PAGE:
The use of language is one of the defining features of human cognition. Focusing here on two key features of language, productivity and robustness, I examine how basic questions regarding linguistic representation can be approached with the help of probabilistic generative language models, or PGLMs. These statistical models, which capture aspects of linguistic structure in terms of distributions over events, can serve as both the product of language learning and as prior knowledge in real-time language processing. In the first two chapters, I show how PGLMs can be used to make inferences about the nature of people's linguistic representations. In Chapter 1, I look at the representations of language learners, tracing the earliest evidence for a noun category in large developmental corpora. In Chapter 2, I evaluate broad-coverage language models reflecting contrasting assumptions about the information sources and abstractions used for in-context spoken word recognition in their ability to capture people's behavior in a large online game of “Telephone.” In Chapter 3, I show how these models can be used to examine the properties of lexicons. I use a measure derived from a probabilistic generative model of word structure to provide a novel interpretation of a longstanding linguistic universal, motivating it in terms of cognitive pressures that arise from communication. I conclude by considering the prospects for a unified, expectations-oriented account of language processing and first language learning.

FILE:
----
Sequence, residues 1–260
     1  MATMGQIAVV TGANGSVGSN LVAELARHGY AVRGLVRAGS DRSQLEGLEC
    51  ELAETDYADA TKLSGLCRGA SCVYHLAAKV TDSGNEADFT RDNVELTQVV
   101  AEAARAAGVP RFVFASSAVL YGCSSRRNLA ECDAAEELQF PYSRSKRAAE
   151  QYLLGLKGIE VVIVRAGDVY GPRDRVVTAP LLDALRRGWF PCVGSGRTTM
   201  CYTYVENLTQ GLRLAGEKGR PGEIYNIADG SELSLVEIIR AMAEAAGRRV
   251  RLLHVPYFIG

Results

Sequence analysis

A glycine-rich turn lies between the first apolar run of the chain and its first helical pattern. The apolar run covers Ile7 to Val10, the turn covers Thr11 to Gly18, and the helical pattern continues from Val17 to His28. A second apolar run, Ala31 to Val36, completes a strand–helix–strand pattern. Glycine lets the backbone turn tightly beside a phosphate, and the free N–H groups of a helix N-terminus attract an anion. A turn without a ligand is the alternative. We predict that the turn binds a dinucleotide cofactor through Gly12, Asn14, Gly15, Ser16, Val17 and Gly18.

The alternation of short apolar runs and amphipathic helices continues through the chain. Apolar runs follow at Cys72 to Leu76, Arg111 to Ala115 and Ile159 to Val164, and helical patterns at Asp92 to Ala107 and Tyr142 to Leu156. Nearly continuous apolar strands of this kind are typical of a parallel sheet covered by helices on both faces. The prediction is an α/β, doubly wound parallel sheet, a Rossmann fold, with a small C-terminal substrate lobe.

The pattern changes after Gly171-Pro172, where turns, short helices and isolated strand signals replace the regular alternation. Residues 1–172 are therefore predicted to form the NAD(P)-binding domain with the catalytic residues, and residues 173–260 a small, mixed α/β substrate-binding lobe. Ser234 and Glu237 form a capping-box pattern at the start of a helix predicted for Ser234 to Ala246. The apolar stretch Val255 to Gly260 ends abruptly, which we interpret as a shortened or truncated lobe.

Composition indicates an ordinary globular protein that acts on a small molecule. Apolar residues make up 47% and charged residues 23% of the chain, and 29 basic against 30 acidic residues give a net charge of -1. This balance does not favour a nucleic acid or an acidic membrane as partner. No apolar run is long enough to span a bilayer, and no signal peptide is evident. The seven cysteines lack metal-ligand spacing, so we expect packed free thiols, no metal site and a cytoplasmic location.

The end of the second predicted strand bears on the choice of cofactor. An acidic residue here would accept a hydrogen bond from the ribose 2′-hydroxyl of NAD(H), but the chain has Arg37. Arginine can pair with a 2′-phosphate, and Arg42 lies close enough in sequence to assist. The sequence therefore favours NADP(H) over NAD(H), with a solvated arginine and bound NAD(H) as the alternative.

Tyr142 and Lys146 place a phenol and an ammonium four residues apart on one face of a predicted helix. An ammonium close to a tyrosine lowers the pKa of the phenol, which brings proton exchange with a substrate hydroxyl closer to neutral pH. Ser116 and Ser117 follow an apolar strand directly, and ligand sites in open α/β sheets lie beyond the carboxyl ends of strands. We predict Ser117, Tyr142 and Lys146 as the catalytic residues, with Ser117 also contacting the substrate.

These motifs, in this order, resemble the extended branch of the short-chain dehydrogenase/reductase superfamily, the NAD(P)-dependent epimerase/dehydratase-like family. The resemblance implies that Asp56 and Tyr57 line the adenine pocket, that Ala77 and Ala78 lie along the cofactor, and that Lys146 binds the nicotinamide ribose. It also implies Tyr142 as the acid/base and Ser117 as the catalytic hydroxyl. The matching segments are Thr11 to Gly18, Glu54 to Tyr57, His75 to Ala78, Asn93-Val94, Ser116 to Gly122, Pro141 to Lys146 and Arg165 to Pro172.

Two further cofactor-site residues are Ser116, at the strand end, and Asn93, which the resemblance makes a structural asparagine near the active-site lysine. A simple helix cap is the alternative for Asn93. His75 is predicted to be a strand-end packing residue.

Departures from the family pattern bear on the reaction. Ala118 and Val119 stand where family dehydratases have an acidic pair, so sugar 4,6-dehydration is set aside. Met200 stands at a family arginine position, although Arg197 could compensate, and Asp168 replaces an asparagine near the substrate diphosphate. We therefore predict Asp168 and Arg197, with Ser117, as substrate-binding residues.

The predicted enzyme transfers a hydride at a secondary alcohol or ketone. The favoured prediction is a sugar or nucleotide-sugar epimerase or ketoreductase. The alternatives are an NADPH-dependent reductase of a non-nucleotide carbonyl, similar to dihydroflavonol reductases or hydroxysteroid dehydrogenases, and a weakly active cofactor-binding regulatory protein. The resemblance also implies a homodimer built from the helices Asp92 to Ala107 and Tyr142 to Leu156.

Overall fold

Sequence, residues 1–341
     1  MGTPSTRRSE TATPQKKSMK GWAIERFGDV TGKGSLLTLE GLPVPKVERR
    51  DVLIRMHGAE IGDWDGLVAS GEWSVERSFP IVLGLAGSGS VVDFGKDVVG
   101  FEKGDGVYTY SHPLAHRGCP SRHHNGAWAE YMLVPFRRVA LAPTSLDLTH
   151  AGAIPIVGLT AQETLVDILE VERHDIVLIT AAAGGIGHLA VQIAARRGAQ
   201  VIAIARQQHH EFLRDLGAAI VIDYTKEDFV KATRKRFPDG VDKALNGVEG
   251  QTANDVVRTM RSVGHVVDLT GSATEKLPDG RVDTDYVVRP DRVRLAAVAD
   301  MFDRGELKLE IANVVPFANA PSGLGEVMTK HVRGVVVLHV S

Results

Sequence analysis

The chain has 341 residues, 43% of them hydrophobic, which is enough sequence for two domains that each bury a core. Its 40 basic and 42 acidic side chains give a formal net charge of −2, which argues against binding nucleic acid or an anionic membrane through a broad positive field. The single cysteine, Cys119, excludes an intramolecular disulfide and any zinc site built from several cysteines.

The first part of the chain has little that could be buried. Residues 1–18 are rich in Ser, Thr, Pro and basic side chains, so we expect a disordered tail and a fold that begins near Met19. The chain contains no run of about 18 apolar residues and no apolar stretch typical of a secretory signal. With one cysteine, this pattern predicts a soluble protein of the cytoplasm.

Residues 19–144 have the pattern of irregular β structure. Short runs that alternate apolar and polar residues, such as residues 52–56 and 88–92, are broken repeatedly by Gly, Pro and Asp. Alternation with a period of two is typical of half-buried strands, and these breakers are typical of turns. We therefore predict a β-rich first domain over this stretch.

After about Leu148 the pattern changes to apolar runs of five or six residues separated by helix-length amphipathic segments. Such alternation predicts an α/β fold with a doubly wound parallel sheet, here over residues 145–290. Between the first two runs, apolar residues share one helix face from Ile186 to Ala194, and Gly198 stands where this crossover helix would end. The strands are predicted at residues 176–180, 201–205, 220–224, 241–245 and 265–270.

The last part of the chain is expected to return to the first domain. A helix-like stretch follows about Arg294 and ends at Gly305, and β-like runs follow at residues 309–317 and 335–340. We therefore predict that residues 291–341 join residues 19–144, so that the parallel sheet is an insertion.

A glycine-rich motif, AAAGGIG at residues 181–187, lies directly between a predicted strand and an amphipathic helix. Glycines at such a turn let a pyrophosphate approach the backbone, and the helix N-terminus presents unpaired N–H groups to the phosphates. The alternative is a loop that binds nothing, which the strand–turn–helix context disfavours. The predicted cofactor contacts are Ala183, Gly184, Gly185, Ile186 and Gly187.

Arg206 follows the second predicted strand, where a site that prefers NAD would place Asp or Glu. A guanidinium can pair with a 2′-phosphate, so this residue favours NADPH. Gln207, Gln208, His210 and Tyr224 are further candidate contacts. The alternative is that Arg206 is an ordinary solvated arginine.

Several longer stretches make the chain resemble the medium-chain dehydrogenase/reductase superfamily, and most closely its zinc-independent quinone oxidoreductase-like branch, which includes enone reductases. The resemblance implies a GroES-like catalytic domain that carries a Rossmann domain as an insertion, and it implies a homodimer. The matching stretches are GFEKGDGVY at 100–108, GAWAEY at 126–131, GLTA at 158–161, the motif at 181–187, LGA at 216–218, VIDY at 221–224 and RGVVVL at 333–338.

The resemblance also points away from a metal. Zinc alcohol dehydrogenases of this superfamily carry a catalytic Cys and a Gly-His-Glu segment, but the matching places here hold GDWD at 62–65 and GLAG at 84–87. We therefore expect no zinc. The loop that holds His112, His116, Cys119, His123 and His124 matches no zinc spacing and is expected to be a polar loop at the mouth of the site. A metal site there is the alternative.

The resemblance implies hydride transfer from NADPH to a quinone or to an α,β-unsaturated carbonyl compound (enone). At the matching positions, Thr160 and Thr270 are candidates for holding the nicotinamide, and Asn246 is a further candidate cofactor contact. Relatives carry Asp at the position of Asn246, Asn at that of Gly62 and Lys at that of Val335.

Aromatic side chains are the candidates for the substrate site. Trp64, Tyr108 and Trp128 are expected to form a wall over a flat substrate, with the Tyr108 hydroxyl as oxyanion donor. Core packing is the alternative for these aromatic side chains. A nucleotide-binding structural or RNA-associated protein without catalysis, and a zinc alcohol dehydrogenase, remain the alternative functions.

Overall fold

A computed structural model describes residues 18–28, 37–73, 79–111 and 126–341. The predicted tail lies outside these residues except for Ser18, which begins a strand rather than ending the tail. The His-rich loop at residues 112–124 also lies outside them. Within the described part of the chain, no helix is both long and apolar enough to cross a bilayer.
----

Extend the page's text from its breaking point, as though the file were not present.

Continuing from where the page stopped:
|Advisor:||Griffiths, Thomas L.|
|Commitee:||Frank, Michael C., Regier, Terry, Srinivasan, Mahesh|
|School:||University of California, Berkeley|
|School Location:||United States -- California|
|Source:||DAI-A 80/03(E), Dissertation Abstracts International|
|Subjects:||Linguistics, Cognitive psychology, Computer science|
|Keywords:||Bayesian inference, Information theory, Language acquisition, Language models, Probabilistic generative models, Psycholinguistics|
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